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I think most people underestimate how important staying hydrated is to the body.  I would say many people allow drinking water and being hydrated to fall behind in their priorities when it comes to preparation for working out or even starting the day.  Proper hydration should be at the front of our routines and should be a priority to the point that drinking water is a necessity and a ritual.

More often than not, most of us are more concerned with getting in our pre-workout caffeine, our morning coffee, or getting our post-workout protein than we are with ensuring we are staying hydrated.  The fact of the matter is, water is the single most critical nutrient. Not protein, not carbs, not fat, it’s WATER!

The human brain is composed of 95% water; blood is 82% water; the lungs are nearly 90% water.  Water is also the single most critical nutrient for health, growth, and development.  It is not only the most important nutrient in the body, but also the most abundant.  Water is critical to the balance of all the body’s systems, including the brain, heart, lungs, kidneys and muscles.

To understand this importance, just a 2% drop in body water can cause a small but critical shrinkage of the brain, which can impair neuromuscular coordination, decrease concentration, and slow down thinking.  Dehydration can also reduce endurance, decrease strength, cause cramping, and slow down muscular response – And that’s just 2%!!

Dehydration has many associated risk factors and outcomes leading to poor performance, and if the associations of dehydration aren’t enough to convince you to drink more water, then maybe the benefits of being hydrated will help with the following:


Maintaining proper hydration will prove to be a far better solution in preventing or decreasing wrinkles than the expensive and, in most cases, barely effective cosmetic products being marketed to the public.  Creams and lotions aid in hydrating the skin, but more so does being hydrated!  In addition to this, water makes your teeth and bones stronger due to the additional fluoride providing extra strength and bone density.  And finally, within your joints, you have something called synovial fluid which contains water. Synovial fluid aids in reducing friction of the joint and if you become dehydrated, less synovial fluid is available and this is particularly applicable to working out, as we put great stress on our joints when we lift weights.


Water helps improve the digestive process and is imperative in maintaining a healthy digestive system.  Water is important to properly metabolize food.  Drinking sufficient amounts of water will help the body process and transport nutrients and excrete any waste products once they are metabolized.


Although water does not provide energy in the same way carbohydrates and fat do, it plays an important role in energy transformation.  Water is the medium in which all energy reactions take place.  If you become dehydrated, you will become lethargic, you may experience cramping, and your endurance and strength performance will suffer.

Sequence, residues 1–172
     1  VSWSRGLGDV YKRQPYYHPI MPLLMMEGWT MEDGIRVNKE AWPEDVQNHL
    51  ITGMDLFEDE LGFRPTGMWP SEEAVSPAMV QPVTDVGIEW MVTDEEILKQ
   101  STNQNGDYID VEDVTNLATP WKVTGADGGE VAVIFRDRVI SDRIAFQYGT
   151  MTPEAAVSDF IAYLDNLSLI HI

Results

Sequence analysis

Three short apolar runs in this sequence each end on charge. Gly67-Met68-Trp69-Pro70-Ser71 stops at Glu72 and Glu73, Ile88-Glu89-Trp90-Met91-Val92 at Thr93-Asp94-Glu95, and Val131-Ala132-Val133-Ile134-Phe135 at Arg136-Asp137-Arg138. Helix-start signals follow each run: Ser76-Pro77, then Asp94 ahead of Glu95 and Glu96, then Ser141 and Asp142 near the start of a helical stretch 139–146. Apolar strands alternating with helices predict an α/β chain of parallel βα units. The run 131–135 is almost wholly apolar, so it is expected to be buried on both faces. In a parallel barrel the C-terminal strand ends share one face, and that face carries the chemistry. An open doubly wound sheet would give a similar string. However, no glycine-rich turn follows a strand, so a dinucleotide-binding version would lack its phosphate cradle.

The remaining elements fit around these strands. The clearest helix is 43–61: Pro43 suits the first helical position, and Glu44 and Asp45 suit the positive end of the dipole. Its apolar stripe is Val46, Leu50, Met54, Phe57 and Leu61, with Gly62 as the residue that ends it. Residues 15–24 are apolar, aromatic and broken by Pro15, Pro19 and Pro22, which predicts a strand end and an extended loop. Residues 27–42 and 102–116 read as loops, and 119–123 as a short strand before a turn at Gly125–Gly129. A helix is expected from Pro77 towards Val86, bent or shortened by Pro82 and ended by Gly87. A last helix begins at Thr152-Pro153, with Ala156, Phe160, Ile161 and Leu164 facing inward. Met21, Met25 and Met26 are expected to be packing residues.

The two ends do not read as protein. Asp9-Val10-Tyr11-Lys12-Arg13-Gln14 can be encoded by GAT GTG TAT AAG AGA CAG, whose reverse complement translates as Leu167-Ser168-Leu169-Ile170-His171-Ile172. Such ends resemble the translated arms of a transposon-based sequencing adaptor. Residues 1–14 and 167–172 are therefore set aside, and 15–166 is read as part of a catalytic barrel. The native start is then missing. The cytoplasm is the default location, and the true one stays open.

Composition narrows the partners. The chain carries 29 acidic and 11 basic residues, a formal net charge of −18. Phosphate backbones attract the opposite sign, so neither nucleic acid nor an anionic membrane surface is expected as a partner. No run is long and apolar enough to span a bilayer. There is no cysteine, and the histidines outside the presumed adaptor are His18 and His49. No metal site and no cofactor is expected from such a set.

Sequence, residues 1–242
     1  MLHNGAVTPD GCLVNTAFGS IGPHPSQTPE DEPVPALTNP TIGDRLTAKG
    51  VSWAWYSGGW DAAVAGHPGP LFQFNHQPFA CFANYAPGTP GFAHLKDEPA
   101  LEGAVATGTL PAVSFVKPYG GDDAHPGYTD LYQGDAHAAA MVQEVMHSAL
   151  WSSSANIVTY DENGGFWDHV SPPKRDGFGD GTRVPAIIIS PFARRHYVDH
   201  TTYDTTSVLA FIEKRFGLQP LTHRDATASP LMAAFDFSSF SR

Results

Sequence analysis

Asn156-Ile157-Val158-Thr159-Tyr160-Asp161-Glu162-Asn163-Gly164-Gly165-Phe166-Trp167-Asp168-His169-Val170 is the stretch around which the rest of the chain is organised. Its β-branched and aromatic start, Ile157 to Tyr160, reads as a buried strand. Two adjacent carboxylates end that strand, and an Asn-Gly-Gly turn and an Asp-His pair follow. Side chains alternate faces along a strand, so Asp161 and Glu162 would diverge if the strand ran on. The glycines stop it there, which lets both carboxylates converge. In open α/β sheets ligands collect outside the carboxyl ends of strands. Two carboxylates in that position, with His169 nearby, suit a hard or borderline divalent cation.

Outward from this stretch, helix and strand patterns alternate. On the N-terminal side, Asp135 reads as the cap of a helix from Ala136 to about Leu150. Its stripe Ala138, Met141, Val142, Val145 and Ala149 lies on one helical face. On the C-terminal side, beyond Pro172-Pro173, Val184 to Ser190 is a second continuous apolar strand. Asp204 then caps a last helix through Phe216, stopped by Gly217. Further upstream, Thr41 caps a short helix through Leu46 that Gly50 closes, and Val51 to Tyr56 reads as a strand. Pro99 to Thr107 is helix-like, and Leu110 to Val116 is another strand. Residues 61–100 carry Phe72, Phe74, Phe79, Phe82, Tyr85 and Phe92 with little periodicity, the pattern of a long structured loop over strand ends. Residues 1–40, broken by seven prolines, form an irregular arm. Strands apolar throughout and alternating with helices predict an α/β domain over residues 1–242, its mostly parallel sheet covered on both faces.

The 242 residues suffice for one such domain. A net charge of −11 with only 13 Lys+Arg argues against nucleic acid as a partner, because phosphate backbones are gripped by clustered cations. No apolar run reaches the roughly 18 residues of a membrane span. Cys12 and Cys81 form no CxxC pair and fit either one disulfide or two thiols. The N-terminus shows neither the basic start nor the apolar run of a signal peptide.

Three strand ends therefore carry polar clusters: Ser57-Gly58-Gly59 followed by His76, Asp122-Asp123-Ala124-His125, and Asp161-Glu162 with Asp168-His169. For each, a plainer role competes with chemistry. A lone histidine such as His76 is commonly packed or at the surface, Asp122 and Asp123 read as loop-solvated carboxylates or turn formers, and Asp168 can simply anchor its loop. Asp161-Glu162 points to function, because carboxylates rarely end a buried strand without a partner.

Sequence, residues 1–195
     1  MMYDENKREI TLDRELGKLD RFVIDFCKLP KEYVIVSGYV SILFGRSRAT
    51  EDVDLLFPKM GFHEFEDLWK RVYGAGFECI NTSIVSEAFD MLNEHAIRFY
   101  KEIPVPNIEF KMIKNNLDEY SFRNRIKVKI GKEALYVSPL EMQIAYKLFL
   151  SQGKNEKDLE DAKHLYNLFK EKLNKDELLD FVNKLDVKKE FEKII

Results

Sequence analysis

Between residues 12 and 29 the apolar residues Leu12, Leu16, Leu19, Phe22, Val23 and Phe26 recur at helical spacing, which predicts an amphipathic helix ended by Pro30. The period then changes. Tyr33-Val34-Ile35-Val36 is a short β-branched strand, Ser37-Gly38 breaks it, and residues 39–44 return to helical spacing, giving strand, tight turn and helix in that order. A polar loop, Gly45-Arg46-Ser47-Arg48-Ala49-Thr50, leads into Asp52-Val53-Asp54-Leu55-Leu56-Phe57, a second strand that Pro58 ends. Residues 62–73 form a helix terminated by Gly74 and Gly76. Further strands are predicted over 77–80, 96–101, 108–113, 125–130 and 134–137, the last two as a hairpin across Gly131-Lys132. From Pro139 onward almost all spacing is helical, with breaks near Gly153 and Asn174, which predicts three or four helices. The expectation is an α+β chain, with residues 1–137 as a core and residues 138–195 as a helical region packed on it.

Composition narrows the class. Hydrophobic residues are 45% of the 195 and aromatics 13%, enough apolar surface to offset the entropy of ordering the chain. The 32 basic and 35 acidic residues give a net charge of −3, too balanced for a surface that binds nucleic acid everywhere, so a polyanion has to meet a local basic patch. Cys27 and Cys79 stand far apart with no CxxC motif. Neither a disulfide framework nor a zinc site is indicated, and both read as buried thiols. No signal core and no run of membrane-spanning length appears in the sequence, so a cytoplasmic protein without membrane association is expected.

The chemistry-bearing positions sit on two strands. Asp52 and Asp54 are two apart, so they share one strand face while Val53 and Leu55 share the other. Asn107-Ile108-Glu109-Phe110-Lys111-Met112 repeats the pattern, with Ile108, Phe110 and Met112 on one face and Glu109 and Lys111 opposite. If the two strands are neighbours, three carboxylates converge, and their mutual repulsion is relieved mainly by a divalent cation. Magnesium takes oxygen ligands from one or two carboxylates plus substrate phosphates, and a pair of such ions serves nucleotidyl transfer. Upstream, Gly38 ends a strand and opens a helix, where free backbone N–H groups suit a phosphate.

Water can suppress appetite naturally and increases the body’s ability to metabolize stored fat.  Studies have shown that a decrease in water intake will cause fat deposits to increase, while an increase in water intake can actually reduce fat deposits.  This is thought to occur because a reduction in water decreases the efficiency of the kidneys, which results in some kidney functions being shunted to the liver.  Since one of the liver’s primary functions is to metabolize stored fat into usable energy for the body, it metabolizes less fat while performing functions normally performed by the kidneys.  This results in less stored fat, and a reduction in weight loss.


Water is needed to transport nutrients to your cells and transport waste out of the body.  Water helps form the structures of protein and glycogen.  In order to move and flex your muscles, you need water.  If your body is dehydrated, your muscles will be deprived of electrolytes and cramp.  Since muscles are controlled by nerves, without the proper water and electrolyte balance, muscle strength and control will also be impaired.  Since muscles are controlled by nerves, without the proper water and electrolyte balance, muscle strength and control will also be impaired.  It is essential that you stay hydrated if you want to build muscle and experience optimal performance in the gym.


It is suggested that the average person—who is fairly inactive—requires a minimum of 8-to-12 cups of water per day. However, this amount is far too low for gym-goers and other active people.  Active people need much more to replace the fluid lost during exercise and need to drink at least 8 oz. of water each hour we’re awake! The best way to do this is to try to develop the same relationship with your water bottle that you have with your phone, wallet, and keys!

If you need any more reason, people spend a lot of money when working out on protein, supplements, multivitamins, and much, much more! BUT the most important, in all of your consumables, is FREE! 

Written By: Ashley Dunwell, MS, NASM-CPT